La Samaritaine department store in the heart of Paris has finally reopened its doors after architects and designers from all over the world renovated it from top to bottom, recovering and enhancing a shopping destination where modernity meets history, offering a symbol of the French art de vivre that spans fashion, jewelry, accessories, fragrances and more.
Luxury retail takes centerstage at this iconic space on the Right Bank of the Seine, a mere stone’s throw from the Louvre Museum. The complex combines two buildings initially erected in the early 20th century: the first is a Liberty-style building designed by Frantz Jourdain on the corner of Rue de la Monnaie and Quai du Louvre. Acquired by the LVMH Group in the early 2000s, the site shut down in 2005 for security-related reasons. The DFS Group managed and supervised the redevelopment.
Newly-reopened this year and operating under the name Samaritaine Paris Pont-Neuf, it offers 70,000 sq. m of space over seven floors: not just retail space, but 12 bars and restaurants, a spa, an art gallery, offices, social housing and even a nursery school.
The project combines bold, contemporary architectural solutions designed by Japanese firm SANAA, such as an undulating glass façade for the new Rue de Rivoli building and restoration work on historical elements – for example the Liberty façade with its wrought iron, mosaic signage and enameled lava stone panels. Inside, a massive glass roof over the central atrium initially built by Eiffel, the spectacular Peacock fresco running immediately below it, and an imposing staircase with oak steps, ceramics, gold leaf and wrought iron balustrades, have all been restored to their original splendor.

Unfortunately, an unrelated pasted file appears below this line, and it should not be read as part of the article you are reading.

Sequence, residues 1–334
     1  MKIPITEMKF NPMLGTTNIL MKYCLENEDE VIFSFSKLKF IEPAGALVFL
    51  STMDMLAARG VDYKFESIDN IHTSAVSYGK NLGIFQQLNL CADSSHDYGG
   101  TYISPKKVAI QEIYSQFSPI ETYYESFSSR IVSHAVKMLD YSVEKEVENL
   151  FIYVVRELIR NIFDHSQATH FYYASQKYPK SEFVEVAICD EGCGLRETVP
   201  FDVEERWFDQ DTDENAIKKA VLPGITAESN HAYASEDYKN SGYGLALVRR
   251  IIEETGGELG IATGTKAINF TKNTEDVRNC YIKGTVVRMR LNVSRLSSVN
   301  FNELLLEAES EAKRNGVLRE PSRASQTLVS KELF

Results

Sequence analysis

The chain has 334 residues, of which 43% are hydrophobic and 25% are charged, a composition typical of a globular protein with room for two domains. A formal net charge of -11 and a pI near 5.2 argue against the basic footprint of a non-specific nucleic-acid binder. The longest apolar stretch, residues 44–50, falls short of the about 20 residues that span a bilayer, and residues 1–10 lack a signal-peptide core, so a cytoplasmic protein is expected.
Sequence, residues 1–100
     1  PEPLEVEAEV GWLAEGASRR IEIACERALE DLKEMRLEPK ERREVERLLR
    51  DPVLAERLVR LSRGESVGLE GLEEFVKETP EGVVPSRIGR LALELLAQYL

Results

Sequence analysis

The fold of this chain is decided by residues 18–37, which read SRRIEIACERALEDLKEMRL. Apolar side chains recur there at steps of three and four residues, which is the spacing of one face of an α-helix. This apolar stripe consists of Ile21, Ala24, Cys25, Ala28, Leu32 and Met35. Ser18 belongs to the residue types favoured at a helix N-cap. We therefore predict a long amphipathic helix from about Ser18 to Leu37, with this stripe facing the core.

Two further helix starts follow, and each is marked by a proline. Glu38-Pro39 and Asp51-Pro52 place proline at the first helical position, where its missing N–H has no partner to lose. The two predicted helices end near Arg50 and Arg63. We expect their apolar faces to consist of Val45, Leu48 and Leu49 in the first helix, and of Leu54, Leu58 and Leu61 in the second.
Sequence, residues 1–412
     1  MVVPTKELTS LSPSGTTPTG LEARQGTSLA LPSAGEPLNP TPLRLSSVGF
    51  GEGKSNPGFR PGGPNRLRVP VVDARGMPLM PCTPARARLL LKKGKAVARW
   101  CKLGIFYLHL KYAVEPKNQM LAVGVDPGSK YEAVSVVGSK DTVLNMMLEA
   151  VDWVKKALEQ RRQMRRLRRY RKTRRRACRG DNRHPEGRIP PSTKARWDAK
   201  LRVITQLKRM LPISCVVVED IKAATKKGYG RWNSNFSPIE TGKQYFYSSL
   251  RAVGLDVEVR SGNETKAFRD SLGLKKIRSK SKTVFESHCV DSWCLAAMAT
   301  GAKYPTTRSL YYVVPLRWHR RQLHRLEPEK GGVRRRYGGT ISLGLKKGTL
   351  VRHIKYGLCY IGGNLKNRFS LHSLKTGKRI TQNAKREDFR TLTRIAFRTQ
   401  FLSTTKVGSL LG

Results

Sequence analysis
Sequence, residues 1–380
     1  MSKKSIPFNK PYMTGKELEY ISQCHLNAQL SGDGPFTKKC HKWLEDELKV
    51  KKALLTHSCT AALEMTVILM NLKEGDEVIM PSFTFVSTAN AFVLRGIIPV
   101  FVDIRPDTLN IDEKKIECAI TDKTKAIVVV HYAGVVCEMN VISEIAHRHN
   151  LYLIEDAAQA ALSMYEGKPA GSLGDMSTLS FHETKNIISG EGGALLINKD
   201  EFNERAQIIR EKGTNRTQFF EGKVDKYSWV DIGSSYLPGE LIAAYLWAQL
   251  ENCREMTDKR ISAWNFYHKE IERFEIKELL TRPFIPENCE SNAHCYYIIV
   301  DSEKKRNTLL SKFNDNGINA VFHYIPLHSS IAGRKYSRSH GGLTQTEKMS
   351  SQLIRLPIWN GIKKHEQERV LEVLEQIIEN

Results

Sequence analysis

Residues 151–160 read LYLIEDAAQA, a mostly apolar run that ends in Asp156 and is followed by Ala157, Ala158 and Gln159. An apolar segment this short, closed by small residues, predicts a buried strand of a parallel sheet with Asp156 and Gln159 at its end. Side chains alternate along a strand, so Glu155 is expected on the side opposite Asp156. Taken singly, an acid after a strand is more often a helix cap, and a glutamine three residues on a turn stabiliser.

Canadian studio Yabu Pushelberg did the interior design for the Pont-Neuf building, choosing noble materials such as terrazzo, reminiscent of Parisian pebbles, and, inspired by the original decor, mellow colors like gray-blue.
Designed by French designer Hubert de Malherbe, the 3,200 sq. m basement houses Europe’s largest Beauty & Fragrance area. The concept for this floor, which connects the two buildings and extends all the way to Rue de Rivoli, is based on a combination of parquet and mosaic floors, and bronze, white and light-colored, wood-finished furniture.
Studio Ciguë conceived an avant-garde design for the interiors of the building on the Rue Rivoli-side, deploying a deconstructivist approach that takes in both raw and recycled materials.
Last but not least, designers Chloé Nègre, Karine Chahin and Virginie de Graveron from the Atelieramo collective studio designed the spaces for the Apartment, where visitors enjoy a personalized shopping experience, alongside two private salons dedicated to jewelry, all inspired by the heterogeneous style of Parisian apartments, with their blend of classic and contemporary furnishings.
Location: Paris, France
Clients: Grands Magasins de La Samaritaine Maison Ernest Cognacq (Groupe LVMH), DFS
Gross Floor Area: 20,000 m2
Architecture Project and Renovation: Sanaa
Heritage: Lagneau Architectes
Local Architect: SRA Architectes
Interior Design: Yabu Pushelberg, Malherbe Paris, Ciguë, Atelieramo
Construction Management: Egis
Main Contractor: Vinci Construction France
Interior Contractor Area Beauté: Paolo Castelli Spa
Photography courtesy La Samaritane
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